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This application helps to propose an appropriate fertility therapy method and to find the most suitable clinic worldwide based on the price, duration and legislative options of the treatment in various countries.

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Diabetes mellitus treatments

Self therapy does not exist.

Medical nutrition therapy

Medical nutrition therapy (MNT) is a therapeutic approach to treating medical conditions and their associated symptoms via the use of a specifically tailored diet devised and monitored by a medical doctor, registered dietitian or professional nutritionist. The diet is based upon the patient's medical record, physical examination, functional examination and dietary history.

The role of MNT when administered by an MD or DO physician, dietitian or professional nutritionist is to reduce the risk of developing complications in pre-existing conditions such as type 2 diabetes as well as ameliorate the effects any existing conditions such as high cholesterol.

Assisted reproduction therapy does not exist.

How can Diabetes mellitus affect fertility

When a couple seeks medical help, one of the first conditions the doctor will look for is diabetes since the condition can cause fertility complication in both genders. In most instances, simple lifestyle changes like adequate nutrition and weight loss through proper exercise can help reverse the effects of infertility (Pic. 1).

Effects of diabetes mellitus on male fertility

Certain diabetic complications can cause issues for men that contribute to infertility (Pic. 2). As DM has profound effects on the neuroendocrine axis, in men, both DM1 and DM2 have long been recognized as major risk factors for sexual and reproductive dysfunction. This primarily includes impotence/erectile dysfunction (ED), ejaculatory (retrograde ejaculation) and orgasmic problems. Nerve damage or autonomic neuropathy due to diabetes can lead to retrograde ejaculation – where the semen goes into the bladder. Since the semen never reaches the female reproductive system, infertility may be an issue. 

The majority of patients with Type 2 diabetes are overweight or obese, which leads to decreased testosterone levels and elevated pro-inflammatory cytokines (substances produced in the cell). This can induce dysfunction in the blood vessel wall through the socalled nitric oxide pathway and further explain the relationship between DM2, obesity and erectile dysfunction. Erectile dysfunction, or the inability to achieve an erection, is another diabetes complication that can lead to fertility problems in diabetic men.

Increase in the size or number of adipocytes as a result of obesity can result in both physical changes and hormonal changes. Physical changes can include an increase in scrotal temperature, an increase in the incidence of sleep apnea, and an increase in ED. Hormonal changes might include increases in the levels of leptin, estrogen and insulin, and a decrease in the level of testosterone. These changes, in turn, contribute to oligozoospermia, azoospermia, an increase in the DNA fragmentation index (DFi), and a decrease in semen volume. All three categories of change contribute to obesity-linked male infertility. The increase in estrogen and decrease in testosterone levels negatively affects spermatogenesis as well as regular testicular function.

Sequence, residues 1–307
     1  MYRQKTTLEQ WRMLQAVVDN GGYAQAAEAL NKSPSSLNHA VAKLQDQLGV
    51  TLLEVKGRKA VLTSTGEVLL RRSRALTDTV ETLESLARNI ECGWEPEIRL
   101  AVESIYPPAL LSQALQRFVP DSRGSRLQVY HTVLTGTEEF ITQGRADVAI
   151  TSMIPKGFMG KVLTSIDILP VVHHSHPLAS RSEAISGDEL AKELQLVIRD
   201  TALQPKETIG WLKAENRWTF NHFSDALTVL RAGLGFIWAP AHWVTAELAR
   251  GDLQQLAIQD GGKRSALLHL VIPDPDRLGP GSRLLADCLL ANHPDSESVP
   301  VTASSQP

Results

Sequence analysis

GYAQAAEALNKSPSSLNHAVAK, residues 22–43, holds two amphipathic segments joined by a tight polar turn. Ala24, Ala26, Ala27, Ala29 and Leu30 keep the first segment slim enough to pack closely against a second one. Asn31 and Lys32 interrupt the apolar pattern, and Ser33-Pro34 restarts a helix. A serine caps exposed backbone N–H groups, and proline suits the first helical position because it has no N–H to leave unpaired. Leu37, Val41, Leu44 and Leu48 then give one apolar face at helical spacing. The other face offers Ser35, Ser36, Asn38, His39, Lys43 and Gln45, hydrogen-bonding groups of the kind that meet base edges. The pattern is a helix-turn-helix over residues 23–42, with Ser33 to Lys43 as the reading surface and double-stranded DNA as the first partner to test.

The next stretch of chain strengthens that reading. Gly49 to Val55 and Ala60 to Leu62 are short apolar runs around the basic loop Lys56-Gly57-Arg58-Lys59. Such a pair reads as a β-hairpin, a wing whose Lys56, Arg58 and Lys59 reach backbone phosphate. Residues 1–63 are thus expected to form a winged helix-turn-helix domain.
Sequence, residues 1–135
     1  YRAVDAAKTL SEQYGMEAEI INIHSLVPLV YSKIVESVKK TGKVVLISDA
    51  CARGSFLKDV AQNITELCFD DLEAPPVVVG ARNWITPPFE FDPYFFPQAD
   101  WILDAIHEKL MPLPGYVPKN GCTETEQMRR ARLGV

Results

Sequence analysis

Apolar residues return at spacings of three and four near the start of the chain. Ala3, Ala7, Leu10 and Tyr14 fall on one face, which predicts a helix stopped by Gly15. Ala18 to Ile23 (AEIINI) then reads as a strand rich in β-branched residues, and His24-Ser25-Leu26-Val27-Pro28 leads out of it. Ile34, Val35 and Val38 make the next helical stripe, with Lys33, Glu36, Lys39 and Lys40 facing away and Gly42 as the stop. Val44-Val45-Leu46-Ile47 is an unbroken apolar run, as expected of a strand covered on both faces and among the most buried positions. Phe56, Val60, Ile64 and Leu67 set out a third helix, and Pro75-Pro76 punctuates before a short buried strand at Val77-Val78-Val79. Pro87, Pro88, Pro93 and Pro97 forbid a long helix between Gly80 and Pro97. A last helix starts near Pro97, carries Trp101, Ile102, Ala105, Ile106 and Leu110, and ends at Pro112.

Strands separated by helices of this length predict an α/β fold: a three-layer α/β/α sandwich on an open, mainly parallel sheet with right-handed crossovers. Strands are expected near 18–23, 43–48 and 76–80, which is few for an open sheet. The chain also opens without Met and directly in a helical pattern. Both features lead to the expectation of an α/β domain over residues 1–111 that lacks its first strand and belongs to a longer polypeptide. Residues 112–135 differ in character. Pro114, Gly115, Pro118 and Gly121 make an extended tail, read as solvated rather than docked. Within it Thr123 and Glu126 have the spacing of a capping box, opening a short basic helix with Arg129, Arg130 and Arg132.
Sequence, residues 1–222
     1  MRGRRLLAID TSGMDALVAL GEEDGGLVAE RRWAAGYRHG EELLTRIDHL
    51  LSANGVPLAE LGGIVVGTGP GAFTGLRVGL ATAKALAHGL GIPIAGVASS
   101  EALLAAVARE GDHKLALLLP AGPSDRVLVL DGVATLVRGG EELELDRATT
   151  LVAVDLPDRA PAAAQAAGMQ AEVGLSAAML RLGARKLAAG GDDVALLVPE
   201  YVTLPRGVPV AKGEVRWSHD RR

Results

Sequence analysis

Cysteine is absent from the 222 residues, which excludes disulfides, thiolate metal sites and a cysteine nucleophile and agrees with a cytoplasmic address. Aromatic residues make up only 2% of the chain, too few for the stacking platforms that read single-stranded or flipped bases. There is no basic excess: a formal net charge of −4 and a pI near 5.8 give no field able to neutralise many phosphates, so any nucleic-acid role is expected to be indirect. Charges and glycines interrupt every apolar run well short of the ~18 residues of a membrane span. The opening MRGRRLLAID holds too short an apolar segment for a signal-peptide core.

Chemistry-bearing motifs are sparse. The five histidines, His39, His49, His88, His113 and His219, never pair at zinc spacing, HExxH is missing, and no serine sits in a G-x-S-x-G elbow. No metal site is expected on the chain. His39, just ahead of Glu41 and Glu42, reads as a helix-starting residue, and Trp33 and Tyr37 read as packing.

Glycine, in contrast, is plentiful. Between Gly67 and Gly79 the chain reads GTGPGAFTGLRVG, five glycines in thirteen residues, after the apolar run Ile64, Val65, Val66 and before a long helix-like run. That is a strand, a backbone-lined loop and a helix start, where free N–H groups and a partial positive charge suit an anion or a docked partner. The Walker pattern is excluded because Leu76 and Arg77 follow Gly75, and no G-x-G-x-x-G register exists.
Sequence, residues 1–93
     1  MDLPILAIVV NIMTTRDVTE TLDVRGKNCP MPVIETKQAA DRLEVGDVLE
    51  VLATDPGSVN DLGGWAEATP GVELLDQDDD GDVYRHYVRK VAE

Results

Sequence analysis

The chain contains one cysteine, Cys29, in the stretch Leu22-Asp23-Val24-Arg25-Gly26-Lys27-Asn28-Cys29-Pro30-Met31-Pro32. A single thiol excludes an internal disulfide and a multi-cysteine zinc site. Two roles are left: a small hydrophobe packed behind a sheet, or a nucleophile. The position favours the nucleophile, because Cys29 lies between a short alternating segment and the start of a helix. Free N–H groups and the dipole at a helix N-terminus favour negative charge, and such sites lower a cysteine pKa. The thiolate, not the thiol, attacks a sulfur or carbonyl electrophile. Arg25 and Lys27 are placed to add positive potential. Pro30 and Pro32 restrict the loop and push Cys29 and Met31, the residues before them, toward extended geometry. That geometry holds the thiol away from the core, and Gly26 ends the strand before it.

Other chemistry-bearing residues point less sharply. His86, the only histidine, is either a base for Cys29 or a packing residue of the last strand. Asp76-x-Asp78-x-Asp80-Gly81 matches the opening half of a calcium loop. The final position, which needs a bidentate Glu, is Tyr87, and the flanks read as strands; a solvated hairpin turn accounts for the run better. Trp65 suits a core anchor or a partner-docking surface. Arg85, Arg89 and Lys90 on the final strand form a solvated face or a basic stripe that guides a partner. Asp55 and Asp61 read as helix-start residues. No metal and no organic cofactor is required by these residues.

It is therefore clear that DM can be associated either directly or indirectly with several disorders of the male reproductive system and sexual functioning, but impaired spermatogenesisis is also associated with DM.

Effects of diabetes mellitus on female fertility

Despite the fact that more women suffer from DM than men, and that women share similar risks for diabetic complications with men, less attention has been given to sexual function in women with DM. The prevalence of female sexual dysfunction (FSD) and associated risk factors in diabetic women are less clear than in men. Sexual problems in women with DM may be explained by several possible mechanisms, including biological, social, and psychological factors :

  1. Hyperglycemia may reduce the hydration of mucous membranes in the vagina, leading to decreased lubrication and dyspareunia.
  2. Increased risk of vaginal infections increases the risk of vaginal discomfort and dyspareunia.
  3. Vascular damage and neuropathy may result in decreased genital blood flow, leading to impaired genital arousal response.
  4. Psychosocial factors such as adjustment to the diagnosis of DM, the burden of living with a chronic disease, and depression may impair sexual function.

The main diabetes complication (including gestational diabetes) related to pregnancy is macrosomia - or a big baby (higher than the 90th percentile in birth weight). Sometimes these babies are not able to pass through the birth canal, so there are higher incidences of caesarean sections, and sometimes it is necessary to induce labor early. Fetal distress can also become an issue. There is also an increased risk of birth defects. This condition is directly related to maternal diabetes problems, especially during the first few weeks when a woman may be unaware she is pregnant. For this reason, women with diabetes are advised to manage their insulin levels under control before attempting to conceive. Conditions associated with insulin resistance, such as obesity and DM, are often accompanied by increased adiposity or hyperglycemia.

Pic. 2: Diabetes Mellitus
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